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What they’re writing about Posada’s retirement

Big League Stew

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Jorge Posada will call it a career after 17 seasons in New York. (AP)

On a weekend filled with Tebowmania and NFL wild card action, it was going to take a lot for baseball to move the national news needle. And yet New York Yankees catcher Jorge Posada was able to do just that, with reports surfacing that the 40-year-old plans to hang 'em up after 17 seasons in the Bronx. WFAN's Sweeney Murti broke the news first.

In an age when many aging vets woefully hang around spring training camps hoping for one last ride, it's nice to see Posada electing for a route that won't end with him announcing a retirement two seasons after the fact. He'll receive all the plaudits he's due whenever he officially announces this closure-bringing move and he'll start the type of Hall of Fame debate that's actually fun to stage (not the steroid-centered kind that will begin on a giant scale with next year's ballot).

As a power-hitting catcher on five World Series title teams, Posada was great fun to watch. Depending on your allegiance, his legendary stubbornness could cast him as a hero or heel. But there was never any doubt that he played the game hard and that he played it a very high level for many, many years while playing the most demanding of positions.

Here's a look at what people are writing in the wake of this news.

Bill Madden, New York Daily News: "According to baseball sources, Posada had offers from a few other teams this winter and a part of him, perhaps still savoring that .429 grand finale against the Tigers in the AL division series, wanted to keep playing. Knowing when to retire is often the hardest thing of all for players, and usually it's baseball that makes the decision for them, not the other way around. That wasn't the case with Posada, even if the Yankees didn't want him anymore."

Buster Olney, ESPN "Posada was the perfect person for this job because of his own stubbornness, a trait that fueled him through his remarkable ascent. He went from a second baseman drafted in the 24th round to a catcher who played in 125 postseason games and served an integral role in four championships. He provided the Yankees with the rarest of weapons at his position — a switch-hitter who had patience and power from both sides of the plate."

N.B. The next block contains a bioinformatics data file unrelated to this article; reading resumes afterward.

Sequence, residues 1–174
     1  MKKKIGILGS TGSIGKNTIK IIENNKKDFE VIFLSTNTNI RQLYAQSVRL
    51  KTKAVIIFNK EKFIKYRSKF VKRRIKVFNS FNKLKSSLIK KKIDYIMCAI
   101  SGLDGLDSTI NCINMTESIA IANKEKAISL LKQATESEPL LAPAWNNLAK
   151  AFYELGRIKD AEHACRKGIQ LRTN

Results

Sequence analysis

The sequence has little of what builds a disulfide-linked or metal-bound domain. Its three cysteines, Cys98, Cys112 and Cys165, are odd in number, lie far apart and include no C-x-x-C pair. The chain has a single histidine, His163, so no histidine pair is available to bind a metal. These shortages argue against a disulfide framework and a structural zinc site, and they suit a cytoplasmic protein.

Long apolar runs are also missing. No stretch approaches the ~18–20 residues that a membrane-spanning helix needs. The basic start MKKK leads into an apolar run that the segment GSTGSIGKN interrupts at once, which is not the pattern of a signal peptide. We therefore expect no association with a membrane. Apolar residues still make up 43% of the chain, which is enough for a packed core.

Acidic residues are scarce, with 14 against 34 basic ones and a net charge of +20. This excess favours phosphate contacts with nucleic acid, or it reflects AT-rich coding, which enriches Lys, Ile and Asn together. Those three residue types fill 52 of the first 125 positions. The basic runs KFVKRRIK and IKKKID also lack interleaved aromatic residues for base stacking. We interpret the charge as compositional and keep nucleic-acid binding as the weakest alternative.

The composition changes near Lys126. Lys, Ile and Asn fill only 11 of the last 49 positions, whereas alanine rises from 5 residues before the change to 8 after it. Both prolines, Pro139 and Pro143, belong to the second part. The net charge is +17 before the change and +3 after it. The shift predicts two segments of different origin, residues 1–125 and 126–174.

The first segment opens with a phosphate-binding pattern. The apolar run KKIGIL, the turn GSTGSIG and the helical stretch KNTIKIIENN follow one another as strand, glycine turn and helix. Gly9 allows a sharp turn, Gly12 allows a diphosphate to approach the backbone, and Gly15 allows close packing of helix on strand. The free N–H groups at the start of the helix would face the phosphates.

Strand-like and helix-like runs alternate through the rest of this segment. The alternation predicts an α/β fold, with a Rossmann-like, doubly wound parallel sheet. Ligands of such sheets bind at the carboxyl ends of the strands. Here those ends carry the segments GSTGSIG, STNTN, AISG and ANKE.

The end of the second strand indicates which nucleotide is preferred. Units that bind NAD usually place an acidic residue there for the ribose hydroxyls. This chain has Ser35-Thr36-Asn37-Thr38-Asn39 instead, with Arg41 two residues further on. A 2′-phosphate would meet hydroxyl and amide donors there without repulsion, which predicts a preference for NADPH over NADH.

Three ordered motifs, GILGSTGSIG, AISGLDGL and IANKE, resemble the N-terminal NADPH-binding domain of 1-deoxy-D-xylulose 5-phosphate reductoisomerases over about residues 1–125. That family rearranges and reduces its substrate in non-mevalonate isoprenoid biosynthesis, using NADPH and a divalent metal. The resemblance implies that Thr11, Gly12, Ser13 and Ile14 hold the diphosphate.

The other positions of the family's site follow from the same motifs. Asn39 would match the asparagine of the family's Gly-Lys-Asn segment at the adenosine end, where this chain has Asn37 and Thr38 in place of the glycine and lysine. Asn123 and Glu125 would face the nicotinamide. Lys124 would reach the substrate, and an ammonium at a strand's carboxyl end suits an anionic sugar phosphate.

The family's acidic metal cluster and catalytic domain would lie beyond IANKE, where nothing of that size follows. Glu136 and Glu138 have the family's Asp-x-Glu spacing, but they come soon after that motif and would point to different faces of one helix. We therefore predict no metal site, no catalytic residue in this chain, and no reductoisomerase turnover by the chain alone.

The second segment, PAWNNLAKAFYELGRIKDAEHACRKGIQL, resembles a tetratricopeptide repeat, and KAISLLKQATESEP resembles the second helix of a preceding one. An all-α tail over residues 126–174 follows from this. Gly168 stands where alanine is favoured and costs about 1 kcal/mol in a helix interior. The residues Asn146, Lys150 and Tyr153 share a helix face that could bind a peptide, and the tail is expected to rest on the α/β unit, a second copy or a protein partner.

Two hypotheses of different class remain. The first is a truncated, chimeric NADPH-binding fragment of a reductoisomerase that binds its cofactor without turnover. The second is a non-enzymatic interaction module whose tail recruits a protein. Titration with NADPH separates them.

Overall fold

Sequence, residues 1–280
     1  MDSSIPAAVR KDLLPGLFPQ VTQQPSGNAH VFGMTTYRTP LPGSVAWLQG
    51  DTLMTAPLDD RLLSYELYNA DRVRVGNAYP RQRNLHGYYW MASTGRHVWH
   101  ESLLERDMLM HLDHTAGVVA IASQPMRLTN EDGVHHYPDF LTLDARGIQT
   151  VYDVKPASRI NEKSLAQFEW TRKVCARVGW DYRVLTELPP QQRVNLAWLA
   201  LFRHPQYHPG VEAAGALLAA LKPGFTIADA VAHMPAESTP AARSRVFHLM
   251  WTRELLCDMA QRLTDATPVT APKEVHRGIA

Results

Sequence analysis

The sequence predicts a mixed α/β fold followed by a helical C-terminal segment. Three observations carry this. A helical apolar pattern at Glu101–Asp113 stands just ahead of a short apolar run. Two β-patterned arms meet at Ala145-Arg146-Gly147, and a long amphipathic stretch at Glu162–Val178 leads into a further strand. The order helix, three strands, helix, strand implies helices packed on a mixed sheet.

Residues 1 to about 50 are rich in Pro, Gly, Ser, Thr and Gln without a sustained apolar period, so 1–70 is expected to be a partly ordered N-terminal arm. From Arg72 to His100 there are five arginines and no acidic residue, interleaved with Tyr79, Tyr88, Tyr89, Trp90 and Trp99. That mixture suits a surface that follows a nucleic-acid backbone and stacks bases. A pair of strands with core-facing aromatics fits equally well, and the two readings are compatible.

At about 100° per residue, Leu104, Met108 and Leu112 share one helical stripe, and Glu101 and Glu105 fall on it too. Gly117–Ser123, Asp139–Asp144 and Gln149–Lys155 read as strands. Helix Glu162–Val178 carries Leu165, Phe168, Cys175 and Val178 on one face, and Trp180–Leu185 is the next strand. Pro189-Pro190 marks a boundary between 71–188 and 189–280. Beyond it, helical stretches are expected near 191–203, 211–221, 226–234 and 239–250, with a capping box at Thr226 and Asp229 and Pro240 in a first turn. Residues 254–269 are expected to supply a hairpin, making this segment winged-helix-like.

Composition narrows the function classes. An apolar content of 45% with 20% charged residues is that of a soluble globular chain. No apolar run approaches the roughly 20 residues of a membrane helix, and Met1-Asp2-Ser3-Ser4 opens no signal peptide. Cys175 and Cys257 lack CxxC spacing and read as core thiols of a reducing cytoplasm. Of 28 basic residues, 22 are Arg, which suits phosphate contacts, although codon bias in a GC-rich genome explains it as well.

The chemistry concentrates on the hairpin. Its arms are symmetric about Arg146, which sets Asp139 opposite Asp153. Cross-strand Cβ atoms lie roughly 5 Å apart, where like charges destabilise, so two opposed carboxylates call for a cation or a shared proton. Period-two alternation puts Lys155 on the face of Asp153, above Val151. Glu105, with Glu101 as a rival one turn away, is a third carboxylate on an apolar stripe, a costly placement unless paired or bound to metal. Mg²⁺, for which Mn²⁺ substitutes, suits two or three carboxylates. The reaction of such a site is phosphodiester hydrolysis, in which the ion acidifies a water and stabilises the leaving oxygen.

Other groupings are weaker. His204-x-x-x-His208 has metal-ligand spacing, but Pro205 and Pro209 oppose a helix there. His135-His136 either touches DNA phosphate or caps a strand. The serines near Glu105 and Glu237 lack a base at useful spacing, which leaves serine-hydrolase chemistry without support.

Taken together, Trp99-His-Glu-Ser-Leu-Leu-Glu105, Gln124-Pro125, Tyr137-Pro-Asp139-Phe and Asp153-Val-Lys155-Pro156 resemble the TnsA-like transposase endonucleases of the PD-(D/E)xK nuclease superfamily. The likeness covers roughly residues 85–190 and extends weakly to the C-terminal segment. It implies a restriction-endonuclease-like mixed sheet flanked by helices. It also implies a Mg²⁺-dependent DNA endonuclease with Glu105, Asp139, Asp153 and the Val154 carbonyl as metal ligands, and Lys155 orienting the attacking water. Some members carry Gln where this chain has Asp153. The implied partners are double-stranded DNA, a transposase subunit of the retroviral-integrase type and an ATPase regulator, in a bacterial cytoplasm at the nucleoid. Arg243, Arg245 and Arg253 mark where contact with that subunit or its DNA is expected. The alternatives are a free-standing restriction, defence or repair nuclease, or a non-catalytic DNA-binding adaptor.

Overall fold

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(AP)

Wallace Matthews, ESPN NY: "It should be with relief, not sadness, that Yankees fans bid farewell to Jorge Posada. His decision spares them the heartbreak of having to see him in another uniform —could you imagine him in a Red Sox get-up or the ersatz pinstripes of the Mets? — and himself the frustration and embarrassment of attempting to play on after the game passed him by.

"Now, instead of talk-radio mouth-breathers tearing him up and fair-weather fans turning on him for having the nerve to play like what he is, a 40-year-old man with a million miles of hard road on his body, the conversation turns to more pleasant subjects.  Such as, where does he land next? In a manager's office somewhere? In Cooperstown? In both?"

Daniel Rathman, Baseball Prospectus: "Posada is not one of the best catchers in baseball history. He is not in the class of Yogi Berra, Johnny Bench, and Mickey Cochrane. But with a career triple slash of .273/.374/.474 at a position where offense is often secondary, Posada should rank among the top 15 or 20 backstops to ever play the game."

Tyler Kepner, New York Times: "Posada was 7 when Thurman Munson, the Yankees' captain, died in a plane crash in 1979. But early in his career, while lifting in the weight room at Fenway Park — of all places — Posada noticed a photograph of Munson with a comment about catching. "Look, I like hitting fourth and I like the good batting average," Munson had said. "But what I do every day behind the plate is a lot more important because it touches so many more people and so many more aspects of the game." Posada asked for a copy of the photograph and quotation, and he cherished it. For the rest of his career, it was taped to the inside of his home locker stall."

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